As you can imagine, anticipation for the Robox and its capabilities is at an all time high at the moment, with reviewers nationally and internationally queuing up to get their hands on a unit.

Not content with just plugging in and pressing play, reviewers look closely at both the hardware and the Automaker software, and as well as judging us on price, appearance and the quality and speed of prints, also look at the finer details such as how well the filament extrudes,  whether the ABS or PLA is adhering to the bed, nozzle function, how the door shuts, how easy it is to import files, whether the user manual mirrors the software, how well the graphical user interface works, how the Cartesian action performs etc.

We have no control when the Robox is in the reviewers’ hands – we send out a unit, and then sit back and wait for the final verdict.  Often this will be one or two month’s later, when the full review is published  online or in print – either way very much in the public arena – and there’s not a thing we can do to change a word.

Which is why, when we opened this month’s Stuff magazine we were thrilled to see that not only had we received a glowing review, but we’d also been awarded the coveted ‘5 STARS’.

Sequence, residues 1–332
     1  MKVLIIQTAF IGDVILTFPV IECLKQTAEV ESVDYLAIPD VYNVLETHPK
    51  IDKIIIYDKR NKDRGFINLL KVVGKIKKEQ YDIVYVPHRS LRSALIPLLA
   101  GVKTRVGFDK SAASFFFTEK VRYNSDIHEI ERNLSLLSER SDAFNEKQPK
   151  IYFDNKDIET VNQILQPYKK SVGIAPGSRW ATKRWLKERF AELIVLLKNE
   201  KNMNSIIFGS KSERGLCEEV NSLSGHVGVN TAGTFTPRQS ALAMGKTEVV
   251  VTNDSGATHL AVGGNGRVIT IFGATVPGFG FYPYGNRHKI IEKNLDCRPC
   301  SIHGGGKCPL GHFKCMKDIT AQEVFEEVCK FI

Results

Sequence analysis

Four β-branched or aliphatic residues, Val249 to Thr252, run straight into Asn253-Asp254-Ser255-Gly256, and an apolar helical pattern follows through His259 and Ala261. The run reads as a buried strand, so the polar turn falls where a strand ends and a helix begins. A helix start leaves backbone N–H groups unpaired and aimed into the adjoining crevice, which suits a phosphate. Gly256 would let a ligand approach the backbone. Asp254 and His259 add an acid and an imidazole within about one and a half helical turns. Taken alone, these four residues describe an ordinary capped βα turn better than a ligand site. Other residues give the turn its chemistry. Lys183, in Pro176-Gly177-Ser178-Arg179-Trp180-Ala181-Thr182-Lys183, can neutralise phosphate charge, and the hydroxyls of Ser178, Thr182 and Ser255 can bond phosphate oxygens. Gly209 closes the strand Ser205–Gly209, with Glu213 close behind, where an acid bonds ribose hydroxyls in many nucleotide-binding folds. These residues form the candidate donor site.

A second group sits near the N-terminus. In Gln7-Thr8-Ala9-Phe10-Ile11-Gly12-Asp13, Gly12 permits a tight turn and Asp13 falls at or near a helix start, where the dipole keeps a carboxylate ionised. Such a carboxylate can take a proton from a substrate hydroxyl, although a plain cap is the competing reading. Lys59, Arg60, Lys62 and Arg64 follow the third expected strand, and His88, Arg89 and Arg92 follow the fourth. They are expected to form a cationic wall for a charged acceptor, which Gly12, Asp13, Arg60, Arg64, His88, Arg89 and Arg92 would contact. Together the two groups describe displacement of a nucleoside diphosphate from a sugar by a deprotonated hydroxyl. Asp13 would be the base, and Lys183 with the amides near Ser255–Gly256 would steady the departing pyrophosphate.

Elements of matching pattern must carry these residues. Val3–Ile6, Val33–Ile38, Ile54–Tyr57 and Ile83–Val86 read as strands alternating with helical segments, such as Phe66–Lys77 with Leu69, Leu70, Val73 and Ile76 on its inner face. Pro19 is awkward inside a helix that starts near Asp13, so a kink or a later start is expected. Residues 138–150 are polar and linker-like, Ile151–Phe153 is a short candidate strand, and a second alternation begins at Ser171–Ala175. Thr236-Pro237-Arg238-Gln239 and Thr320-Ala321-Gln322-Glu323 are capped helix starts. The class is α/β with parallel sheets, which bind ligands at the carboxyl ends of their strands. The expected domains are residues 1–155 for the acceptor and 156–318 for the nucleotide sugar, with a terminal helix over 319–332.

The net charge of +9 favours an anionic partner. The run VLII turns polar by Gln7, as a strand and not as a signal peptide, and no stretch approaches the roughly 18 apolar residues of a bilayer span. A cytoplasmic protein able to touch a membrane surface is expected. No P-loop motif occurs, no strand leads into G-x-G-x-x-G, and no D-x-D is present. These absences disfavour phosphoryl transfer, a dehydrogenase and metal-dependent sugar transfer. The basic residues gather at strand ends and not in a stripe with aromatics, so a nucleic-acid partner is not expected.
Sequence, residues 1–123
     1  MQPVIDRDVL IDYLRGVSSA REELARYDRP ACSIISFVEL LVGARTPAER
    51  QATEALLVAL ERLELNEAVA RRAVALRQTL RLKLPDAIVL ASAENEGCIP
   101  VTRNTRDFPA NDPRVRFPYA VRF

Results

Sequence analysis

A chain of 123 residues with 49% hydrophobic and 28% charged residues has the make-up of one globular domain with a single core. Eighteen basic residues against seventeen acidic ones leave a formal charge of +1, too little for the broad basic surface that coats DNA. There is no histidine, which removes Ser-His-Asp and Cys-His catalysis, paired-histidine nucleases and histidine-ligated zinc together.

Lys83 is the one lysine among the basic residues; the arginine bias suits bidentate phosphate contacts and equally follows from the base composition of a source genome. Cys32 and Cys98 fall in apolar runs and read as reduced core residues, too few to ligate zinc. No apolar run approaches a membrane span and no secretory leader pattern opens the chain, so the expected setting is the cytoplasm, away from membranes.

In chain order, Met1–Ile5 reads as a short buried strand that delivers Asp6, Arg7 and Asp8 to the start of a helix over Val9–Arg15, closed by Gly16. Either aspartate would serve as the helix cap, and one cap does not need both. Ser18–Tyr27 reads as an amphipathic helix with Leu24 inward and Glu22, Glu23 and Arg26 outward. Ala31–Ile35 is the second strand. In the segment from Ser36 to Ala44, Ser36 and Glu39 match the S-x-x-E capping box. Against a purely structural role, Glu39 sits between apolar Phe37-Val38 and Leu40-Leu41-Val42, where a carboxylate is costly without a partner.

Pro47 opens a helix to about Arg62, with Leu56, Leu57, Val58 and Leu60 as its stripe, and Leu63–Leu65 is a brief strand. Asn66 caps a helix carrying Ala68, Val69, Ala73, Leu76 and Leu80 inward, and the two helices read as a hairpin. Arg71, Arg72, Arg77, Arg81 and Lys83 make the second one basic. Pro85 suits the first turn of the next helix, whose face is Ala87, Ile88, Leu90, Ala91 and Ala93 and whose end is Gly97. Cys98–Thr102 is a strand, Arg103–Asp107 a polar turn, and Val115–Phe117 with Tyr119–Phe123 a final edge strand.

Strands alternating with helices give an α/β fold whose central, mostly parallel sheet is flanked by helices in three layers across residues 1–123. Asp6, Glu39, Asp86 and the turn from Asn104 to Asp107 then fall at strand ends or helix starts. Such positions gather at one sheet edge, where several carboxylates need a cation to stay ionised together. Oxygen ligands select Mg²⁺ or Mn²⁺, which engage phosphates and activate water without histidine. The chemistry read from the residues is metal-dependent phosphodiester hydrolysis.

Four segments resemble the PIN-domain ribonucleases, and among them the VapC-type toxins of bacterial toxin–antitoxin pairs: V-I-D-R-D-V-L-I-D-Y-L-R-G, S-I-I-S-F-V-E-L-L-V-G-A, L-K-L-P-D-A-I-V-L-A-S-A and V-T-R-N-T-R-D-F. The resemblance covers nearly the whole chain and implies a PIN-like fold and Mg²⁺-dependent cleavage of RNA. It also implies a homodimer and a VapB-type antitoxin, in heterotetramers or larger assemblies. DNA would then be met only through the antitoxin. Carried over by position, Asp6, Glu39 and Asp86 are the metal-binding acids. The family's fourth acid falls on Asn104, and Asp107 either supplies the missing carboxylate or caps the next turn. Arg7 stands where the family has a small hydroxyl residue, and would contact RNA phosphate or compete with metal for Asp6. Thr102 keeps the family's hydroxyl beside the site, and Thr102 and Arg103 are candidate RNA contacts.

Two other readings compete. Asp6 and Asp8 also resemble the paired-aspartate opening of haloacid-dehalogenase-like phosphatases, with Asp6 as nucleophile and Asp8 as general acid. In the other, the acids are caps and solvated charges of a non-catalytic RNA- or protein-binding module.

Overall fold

Indeed, Jools Whitehorn had the following to say:

“3D printing has broken my heart before, but every time I hope it’ll be different.  And with the Robox, it feels like it is.  3D printing needs to offer a straight-out-of-the-box printing experience, and consistency rather than big promises and failed prints.  There will always be issues related to unsuitable model files, and no relationship is without its hiccups, but thanks to the Robox I think I’m ready to trust a 3D printer again.”

Happily, the reviewers at Stuff acknowledge our efforts to bring 3D printing into the mainstream, which means we’re one step closer to our ultimate goal of seeing a 3D printer in every home and school in the country.